State/Territorial Policy Considerations for Preventing Adverse Childhood Experiences
July 21, 2022
Adverse childhood experiences (ACEs) are household traumas (e.g., being physically or sexually abused, having a caregiver with a substance use or mental health problem) and community adversities (e.g., inter-personal discrimination, witnessing community violence) experienced before age 18. Almost two-thirds of adults in the United States have experienced at least one ACE.
Since the publication of the "original ACE study" in 1998, a large body of evidence has demonstrated that ACEs are risk factors for negative physical health, mental health, substance use, and social outcomes in adulthood. Economic researchers—using the value per statistical life (VSL) methodology—estimate that ACEs cost society $428 billion in lifetime costs incurred annually. These costs include short- and long-term health care costs, criminal justice costs, and productivity losses, among other economic burdens.
Negative health effects of ACEs include increased risk of injury, sexually transmitted infections, mental health problems, maternal and child health problems, suicide, teen pregnancy, and a variety of chronic diseases such as cancer, diabetes, and heart disease. The COVID-19 pandemic has socially isolated children with their parents while disconnecting them from other social supports and has potentially increased the incidence of ACEs.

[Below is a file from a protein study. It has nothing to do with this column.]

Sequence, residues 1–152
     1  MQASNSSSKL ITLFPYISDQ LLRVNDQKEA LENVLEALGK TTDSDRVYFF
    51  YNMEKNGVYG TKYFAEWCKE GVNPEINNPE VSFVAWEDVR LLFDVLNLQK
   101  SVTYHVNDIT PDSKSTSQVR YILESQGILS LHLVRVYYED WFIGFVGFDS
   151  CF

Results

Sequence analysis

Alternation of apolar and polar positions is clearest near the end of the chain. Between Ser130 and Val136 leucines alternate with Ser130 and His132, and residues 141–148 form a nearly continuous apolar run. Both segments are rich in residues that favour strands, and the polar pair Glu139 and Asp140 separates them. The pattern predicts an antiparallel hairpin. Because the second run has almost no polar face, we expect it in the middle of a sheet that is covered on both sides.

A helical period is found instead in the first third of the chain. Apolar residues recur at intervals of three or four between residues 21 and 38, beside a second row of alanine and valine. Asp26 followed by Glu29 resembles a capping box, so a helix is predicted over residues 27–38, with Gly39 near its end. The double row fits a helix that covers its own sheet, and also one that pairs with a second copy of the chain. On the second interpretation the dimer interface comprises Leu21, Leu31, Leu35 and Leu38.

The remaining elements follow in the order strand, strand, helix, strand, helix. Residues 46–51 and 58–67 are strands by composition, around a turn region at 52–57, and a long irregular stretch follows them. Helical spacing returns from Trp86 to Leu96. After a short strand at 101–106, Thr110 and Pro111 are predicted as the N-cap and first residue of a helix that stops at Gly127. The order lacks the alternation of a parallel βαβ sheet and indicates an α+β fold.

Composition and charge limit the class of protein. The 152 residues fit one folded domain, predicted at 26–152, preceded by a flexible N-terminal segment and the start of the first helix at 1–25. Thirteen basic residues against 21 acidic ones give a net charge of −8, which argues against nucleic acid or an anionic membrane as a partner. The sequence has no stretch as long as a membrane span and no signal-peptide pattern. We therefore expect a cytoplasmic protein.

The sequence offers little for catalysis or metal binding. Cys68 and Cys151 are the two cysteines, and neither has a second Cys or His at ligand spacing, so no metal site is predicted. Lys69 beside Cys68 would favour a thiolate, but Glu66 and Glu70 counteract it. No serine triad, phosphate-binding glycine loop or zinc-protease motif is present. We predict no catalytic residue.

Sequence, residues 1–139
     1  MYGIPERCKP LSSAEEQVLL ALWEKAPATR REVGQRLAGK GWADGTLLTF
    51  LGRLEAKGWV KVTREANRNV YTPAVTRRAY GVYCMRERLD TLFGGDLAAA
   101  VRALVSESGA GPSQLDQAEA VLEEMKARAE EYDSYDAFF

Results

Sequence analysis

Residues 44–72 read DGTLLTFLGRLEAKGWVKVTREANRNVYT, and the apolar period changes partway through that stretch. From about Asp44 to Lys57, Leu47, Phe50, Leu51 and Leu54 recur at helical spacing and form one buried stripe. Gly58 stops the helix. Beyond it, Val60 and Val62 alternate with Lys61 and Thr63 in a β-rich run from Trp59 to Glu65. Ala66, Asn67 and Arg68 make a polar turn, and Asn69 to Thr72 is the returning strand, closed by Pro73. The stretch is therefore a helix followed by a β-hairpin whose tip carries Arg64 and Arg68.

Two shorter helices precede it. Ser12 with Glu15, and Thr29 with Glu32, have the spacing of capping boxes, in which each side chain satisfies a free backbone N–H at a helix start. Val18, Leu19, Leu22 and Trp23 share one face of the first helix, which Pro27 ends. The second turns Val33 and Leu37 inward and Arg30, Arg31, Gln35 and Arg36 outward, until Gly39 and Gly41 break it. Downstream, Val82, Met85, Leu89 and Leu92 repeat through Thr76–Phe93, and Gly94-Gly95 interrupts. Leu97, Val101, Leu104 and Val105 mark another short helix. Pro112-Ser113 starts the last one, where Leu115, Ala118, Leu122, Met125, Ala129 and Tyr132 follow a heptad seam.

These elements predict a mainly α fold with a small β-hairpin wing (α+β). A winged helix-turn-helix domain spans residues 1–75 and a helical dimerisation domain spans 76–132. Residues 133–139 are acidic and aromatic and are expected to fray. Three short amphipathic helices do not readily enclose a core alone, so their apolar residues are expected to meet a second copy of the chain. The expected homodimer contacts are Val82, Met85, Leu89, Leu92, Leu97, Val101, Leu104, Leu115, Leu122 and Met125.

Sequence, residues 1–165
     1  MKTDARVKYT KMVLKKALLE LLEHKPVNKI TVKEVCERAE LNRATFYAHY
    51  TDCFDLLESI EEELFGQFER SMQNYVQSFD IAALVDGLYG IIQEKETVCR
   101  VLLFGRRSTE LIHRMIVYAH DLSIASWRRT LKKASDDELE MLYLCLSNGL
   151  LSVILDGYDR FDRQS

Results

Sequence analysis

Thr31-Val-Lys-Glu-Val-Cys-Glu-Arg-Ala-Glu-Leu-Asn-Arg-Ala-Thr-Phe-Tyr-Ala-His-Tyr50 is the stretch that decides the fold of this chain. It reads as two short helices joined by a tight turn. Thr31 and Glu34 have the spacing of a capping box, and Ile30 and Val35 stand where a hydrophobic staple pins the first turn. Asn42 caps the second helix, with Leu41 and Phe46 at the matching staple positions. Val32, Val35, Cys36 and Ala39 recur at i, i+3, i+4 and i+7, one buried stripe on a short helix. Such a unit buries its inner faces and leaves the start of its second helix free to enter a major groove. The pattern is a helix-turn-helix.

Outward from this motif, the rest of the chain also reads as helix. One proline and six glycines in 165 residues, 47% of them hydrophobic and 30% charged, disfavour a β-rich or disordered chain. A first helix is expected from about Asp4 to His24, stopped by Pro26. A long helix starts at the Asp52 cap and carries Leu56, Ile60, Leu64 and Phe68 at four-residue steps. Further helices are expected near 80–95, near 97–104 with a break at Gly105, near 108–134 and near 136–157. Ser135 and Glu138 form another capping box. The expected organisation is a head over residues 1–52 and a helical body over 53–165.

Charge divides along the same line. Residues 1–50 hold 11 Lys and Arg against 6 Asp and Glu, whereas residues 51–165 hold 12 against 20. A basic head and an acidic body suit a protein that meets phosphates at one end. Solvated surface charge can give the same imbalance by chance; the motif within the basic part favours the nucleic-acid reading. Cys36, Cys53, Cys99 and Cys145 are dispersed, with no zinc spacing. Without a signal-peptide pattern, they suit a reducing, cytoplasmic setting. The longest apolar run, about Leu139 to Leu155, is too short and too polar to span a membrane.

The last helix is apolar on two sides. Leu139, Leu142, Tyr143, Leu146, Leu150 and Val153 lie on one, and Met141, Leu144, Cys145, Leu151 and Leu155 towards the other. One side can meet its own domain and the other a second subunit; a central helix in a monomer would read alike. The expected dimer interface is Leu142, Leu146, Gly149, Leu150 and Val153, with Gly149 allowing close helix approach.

The prevalence of ACEs is higher among historically socially marginalized groups, including children involved in the foster care or child welfare system; Black, Indigenous, and People of Color (BIPOC) communities, the Lesbian, Gay, Bisexual, Transgender, and Queer (LGBTQ+) community, and justice system-involved populations. Children in lower-income communities typically experience more ACEs than children in higher-income communities, with Black children more likely to live in low-income communities than White children due to structural racism and inequity in society.
Evidence-based policies and programs exist that address clinical, community, and policy-level interventions that can prevent ACEs and mitigate consequences. Other factors that can protect against the effects of ACEs include highly developed social skills/competencies, connectedness to family or adults outside the family, and commitment to school.
In consultation with Jonathan Purtle, DrPH at New York University's School of Global Public Health, ASTHO staff identified a range of evidence-supported policies considered by state legislatures from 2019 – 2021 that could prevent ACEs. This document synthesizes these research and policy proposals and is intended for public health practitioners and policymakers who are considering adopting similar policies in their jurisdictions.